Second, the ethical consequences have become so much more complex, with far fewer people understanding the stakes. That also means fewer voices taking part in the decision-making. For centuries, medical expertise might have remained within the purview of medical specialists, but these experts could explain their medical recommendations in ways the rest of us could understand. If a doctor recommended getting your tonsils taken out, you could grasp the risks involved, and that you might have a sore throat, and might have some limitations on what you could eat for a few days. By and large, you could understand enough to give informed consent. But today, with the complexity of this reality on the edge, few people really understand the technological processes happening all around them. Again, think of how algorithms manipulate what information we see, or spread bias or the like. The distance has grown between what we can understand and what we need to know to make decisions, weakening pillars of ethics (like informed consent) that we relied on before.

    Then third, we’ve really begun to blur humanity’s boundaries. We’ve moved fast towards Elon Musk’s Neuralink, and implanting chips in people, and growing organs in pigs for human transplant. The very question of what it means to be human needs a new ethical frame. The scope of our answers also needs rethinking. We have to take into consideration not just the immediate stakeholders. We’ve already seen, for example, human gene-editing go off the rails, such as when He Jiankui in China started editing embryos and influencing the human germline, with huge potential consequences for future generations. 

    Here how might you frame, in something like quantitative terms, the distinct responsibilities of wealthy, technologically dominant societies to think proactively (not just reactively) about their ethical decisions’ global impact? And how might you frame, in more qualitative terms, the importance of conceptualizing ethical reflection not as a projection of judgment, blame, criticism — so much as a positive, deliberative, problem-solving approach resilient enough to overcome our own inevitable missteps along the way? 

    Well, I consider it my mission in this book to democratize ethics. I hope to give readers some very accessible tools that can become habits for making effective ethical decisions about anything we face in our day-to-day lives — or even anything we see on the news. If we can develop these basic habits, then we don’t need to become experts in AI or in gene-editing or even in family dynamics to make good decisions. So I do want to focus on practical problem-solving. I encourage people to ask themselves: “What are the opportunities, and what are the risks? How can we maximize the opportunities, and minimize the risks?” And instead of making grand declarations about something being right or wrong, this ethical approach requires us to keep monitoring our decisions over time, as risks themselves keep changing, and as the opportunities evolve. So we do need to keep our ethics proactive. But we also need to develop an ongoing process of observing and adjusting.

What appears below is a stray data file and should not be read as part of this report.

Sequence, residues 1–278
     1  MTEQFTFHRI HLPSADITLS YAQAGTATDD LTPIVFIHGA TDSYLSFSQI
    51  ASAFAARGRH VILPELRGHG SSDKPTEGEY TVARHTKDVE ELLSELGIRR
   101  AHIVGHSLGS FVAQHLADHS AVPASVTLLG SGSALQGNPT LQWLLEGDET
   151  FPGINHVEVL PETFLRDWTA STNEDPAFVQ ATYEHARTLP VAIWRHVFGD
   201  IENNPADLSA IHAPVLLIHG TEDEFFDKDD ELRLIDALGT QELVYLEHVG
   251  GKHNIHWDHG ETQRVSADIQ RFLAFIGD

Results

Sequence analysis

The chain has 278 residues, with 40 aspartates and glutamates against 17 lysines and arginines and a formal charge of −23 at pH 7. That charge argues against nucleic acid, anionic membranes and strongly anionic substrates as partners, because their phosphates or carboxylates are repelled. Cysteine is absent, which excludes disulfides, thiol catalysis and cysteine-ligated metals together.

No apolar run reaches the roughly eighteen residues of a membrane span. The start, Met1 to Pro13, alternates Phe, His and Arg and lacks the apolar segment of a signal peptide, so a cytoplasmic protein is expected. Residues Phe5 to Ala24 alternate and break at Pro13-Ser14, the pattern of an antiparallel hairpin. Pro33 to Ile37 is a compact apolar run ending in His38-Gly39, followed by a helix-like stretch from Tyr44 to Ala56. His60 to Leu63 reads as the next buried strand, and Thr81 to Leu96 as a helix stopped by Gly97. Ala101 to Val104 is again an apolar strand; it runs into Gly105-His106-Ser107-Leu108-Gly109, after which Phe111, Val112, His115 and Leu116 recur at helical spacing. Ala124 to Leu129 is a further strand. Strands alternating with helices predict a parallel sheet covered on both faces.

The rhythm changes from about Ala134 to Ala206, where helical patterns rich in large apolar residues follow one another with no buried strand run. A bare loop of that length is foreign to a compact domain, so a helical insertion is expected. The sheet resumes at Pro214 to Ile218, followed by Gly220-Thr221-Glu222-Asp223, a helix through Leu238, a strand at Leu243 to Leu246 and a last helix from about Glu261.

Now, we in wealthier countries do face an added responsibility to consider all of the actual and potential stakeholders in our decisions. Today’s decision-making in developed countries has a huge and disproportionate impact on the rest of the world — from modeling a good mandatory-vaccines system, to making sure we consider the allocation of available COVID-vaccine doses to all nations (as leaders like Bill Gates have advocated). Important ethical decision-making also happens at the level of our individual voting. When we vote for president of the US or prime minister in the UK or president of France, these votes have an impact far beyond our own national borders. Here again, many stakeholders’ lives might be directly or indirectly shaped by our decisions.

    Then on a global scale, most of today’s critical ethics challenges have no borders: as with the risk of Internet-based terrorism or conflict, the spread of disinformation, the spread of this pandemic. With COVID-19, many commentators have made the point that nobody’s safe until everybody’s safe. That same logic applies to many of our biggest ethical challenges, and stretches beyond today’s stakeholders to include future generations. We of course need to ask, for example, what kind of climate situation we wish to leave for our children and grandchildren. We need to ask something similar for all of today’s big ethics challenges.